6 Steps To Your Best Life-Changing Conversations
L O O K
Waiting to do lunch with one of the exceptional young leaders I mentor here in the Denver area, I had to be careful to not stare at the next table on the patio. There sat three people wearing big wrap-around sunglasses, attempting to have some sort of conversation.
The humor in the scene only increased as two were checking their cell phones. One kept looking back to the restaurant entrance for a fourth lunch partner. All three were talking at once. They were repeatedly asking one of the others to repeat themselves.
Nobody could see anybody’s eyes. Nobody was listening, I’m convinced, because they could not see the eyes of anyone at the table. Nor did they seem to care to.
We’ve all heard Moms and Dads say to their kids, “Look at me.” If we have kids we’ve said that to our own. Innately we know that communication, at it’s best involves the eyes. Looking.
If you cannot see the eyes of those with whom you are engaging, both listening to and talking with, it’s harder to communicate. There is something that happens in looking at each other, intentionally, that opens up pathways of communication. Taking time to look at and into each other adds huge value to the time spent together.
When mentoring, if not able to be in the physical presence of the person, this is one of several good reason why I prefer to use Skype over using the phone (unless you have FaceTime on each iPhone)--you can see the person you are talking with. I can see their eyes and they can see mine.
How do you look at people? How do you look at anyone you with whom you are communicating? I’m inferring more than just seeing them.
We see a lot. Just look quickly around you. Do a 360 of where you are. Again, you are smart enough to remember some of what you’ve just seen.
But now, stop. Remember that word from the last post. Stop. Look. Pay some honest attention. No glancing here. Observe. What are the colors. Textures. Objects. What’s moving? What’s stationary? What’s out of place? Nice job.
Now, reflect back to your last conversation with a friend or colleague, a family member, even a total stranger. Did you stop long enough to really look at them. What do you remember? Did your gaze match the intentionality and purposefulness of why you were spending any length of time with that person?
My friend showed up looking a bit harried. After ordering we got down to the mentoring moments we often share, in depth, over lunch.
In the few years I’ve been mentoring this good man I’ve watched him grow into a deep-hearted man, a faithful husband, and vibrant, fun father, a trusted friend of others, a brilliant, articulate business man. He is a leader who lives increasingly well out of the 8 dimensions of his life.
Being the friends we are, he eased into the chair, took a deep breath, and for a moment we just sat there and looked at each other. Nothing needed to be said. We knew we had both dashed to this moment in time. The silence was the beginning of unwrapping the gift of mentoring we would share as we further explored his life.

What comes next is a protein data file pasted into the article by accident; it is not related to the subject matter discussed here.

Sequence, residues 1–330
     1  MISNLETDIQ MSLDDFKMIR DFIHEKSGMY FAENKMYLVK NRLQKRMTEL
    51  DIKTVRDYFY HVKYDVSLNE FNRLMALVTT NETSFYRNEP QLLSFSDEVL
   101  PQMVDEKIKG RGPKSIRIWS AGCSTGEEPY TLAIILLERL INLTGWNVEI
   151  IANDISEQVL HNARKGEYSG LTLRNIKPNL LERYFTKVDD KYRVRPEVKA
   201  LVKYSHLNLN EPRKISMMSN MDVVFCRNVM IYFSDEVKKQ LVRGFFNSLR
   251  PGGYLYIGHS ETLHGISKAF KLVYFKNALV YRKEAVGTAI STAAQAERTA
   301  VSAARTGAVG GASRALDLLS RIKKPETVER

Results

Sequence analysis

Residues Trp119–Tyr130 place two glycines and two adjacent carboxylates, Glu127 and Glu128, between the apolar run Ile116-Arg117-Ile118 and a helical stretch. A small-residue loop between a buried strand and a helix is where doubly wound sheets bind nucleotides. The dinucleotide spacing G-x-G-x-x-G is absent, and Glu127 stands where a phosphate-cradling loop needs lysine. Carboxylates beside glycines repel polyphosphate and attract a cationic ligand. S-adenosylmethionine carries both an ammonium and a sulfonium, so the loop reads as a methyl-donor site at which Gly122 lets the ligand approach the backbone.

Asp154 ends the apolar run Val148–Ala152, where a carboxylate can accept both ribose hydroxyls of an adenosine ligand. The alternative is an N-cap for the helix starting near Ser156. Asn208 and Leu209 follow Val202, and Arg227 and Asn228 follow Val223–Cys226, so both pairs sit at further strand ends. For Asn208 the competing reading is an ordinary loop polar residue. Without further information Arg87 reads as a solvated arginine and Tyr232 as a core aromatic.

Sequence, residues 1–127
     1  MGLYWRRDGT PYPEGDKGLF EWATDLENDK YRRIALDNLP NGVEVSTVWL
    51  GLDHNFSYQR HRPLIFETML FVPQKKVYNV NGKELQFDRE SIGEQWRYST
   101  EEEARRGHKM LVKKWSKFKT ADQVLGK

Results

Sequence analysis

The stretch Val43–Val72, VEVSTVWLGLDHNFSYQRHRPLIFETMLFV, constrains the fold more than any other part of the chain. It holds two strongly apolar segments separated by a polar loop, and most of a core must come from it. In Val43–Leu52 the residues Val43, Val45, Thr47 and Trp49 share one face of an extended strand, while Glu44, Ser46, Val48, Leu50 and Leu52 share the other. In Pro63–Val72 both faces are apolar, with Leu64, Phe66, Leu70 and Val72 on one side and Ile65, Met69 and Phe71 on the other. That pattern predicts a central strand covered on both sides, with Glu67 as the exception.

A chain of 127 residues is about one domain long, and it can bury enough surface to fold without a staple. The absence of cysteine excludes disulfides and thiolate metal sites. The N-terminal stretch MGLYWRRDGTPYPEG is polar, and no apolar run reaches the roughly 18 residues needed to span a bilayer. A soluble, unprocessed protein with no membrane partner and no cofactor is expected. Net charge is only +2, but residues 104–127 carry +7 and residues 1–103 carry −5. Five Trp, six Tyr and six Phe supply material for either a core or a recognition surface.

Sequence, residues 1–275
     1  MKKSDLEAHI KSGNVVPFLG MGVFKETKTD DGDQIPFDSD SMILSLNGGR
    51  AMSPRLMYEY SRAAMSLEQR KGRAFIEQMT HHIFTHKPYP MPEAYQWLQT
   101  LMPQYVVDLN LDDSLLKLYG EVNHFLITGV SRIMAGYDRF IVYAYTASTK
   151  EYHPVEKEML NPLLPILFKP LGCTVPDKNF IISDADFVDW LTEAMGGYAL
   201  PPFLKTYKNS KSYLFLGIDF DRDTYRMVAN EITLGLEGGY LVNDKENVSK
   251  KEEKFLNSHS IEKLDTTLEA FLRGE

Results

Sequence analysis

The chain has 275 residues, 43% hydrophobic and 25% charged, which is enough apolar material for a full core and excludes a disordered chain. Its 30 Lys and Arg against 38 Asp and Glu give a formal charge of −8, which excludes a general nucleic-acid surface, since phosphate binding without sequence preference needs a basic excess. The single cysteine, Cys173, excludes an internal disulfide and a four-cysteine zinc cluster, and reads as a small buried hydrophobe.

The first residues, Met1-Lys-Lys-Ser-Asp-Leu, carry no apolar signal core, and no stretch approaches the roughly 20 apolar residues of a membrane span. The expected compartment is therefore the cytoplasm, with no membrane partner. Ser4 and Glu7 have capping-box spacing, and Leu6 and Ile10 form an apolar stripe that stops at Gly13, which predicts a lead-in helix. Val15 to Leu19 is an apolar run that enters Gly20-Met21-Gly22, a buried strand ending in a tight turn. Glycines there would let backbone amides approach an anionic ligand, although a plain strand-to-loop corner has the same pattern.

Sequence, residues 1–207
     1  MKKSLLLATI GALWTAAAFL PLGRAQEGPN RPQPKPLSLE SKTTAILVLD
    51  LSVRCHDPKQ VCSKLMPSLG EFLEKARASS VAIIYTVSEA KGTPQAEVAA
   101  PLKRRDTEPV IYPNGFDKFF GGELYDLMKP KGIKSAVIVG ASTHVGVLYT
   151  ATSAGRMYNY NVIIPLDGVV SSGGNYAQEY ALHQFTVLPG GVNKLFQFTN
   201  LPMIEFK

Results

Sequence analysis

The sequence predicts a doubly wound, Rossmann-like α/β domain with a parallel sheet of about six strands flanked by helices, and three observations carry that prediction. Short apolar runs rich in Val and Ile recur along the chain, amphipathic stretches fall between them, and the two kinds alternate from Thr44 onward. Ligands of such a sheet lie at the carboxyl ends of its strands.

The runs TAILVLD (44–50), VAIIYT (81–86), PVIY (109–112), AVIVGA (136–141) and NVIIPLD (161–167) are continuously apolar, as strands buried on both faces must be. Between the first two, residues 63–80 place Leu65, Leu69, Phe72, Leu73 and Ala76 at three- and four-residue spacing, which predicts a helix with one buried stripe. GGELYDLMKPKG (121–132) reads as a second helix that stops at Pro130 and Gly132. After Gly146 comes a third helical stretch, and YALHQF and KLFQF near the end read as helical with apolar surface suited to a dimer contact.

He will now know this when he reads this, but I did a little experiment on him. He had some extra important things to share. We knew that ahead of time.
Not to distract him, but on a few occasions, I looked around when he was talking. When that happened the conversation languished a bit. He was not quite as focused.
However, when I turned my attention to him and looked him square in the eyes, the conversation immediately picked up. Clearer focus. We got down to the life-changing business at hand. The conversation became animated. There was connection. Dialogue ensued. Wandering monologue was non-existent.
Looking, honest looking, not a catatonic stare, but stopping to take the time to look to both see and hear what was being said, took us both to necessary and new depths of friendship. There was quiet power to the conversation.
When my young friend first sat down his face looked weary. When we departed his face looked more relaxed. We did more than see each other. We looked, into and through the eyes of each other, into the life situations we were talking about.
We parted company because we knew we had been heard. We heard each other because we had taken the time to look at and into each other. We looked because we intentionally stopped, paused, and this took us easily to Step Three.
In the next few days, I challenge you to practice looking at the people with whom you are conversing. Short conversations. Longer ones. With people you know very well. With strangers. No furtive glances. Look. Look deep. Take the time to observe all that is taking place.
This week I will have spoken with people from 9 months of age to almost 70. In every situation where there was honest, intentional, life-changing, life-giving conversation, looking paved the way to what really needed to be heard and communicated.
Step Three will be coming your way within three days.
6 Steps To Your Best Life-Changing Conversations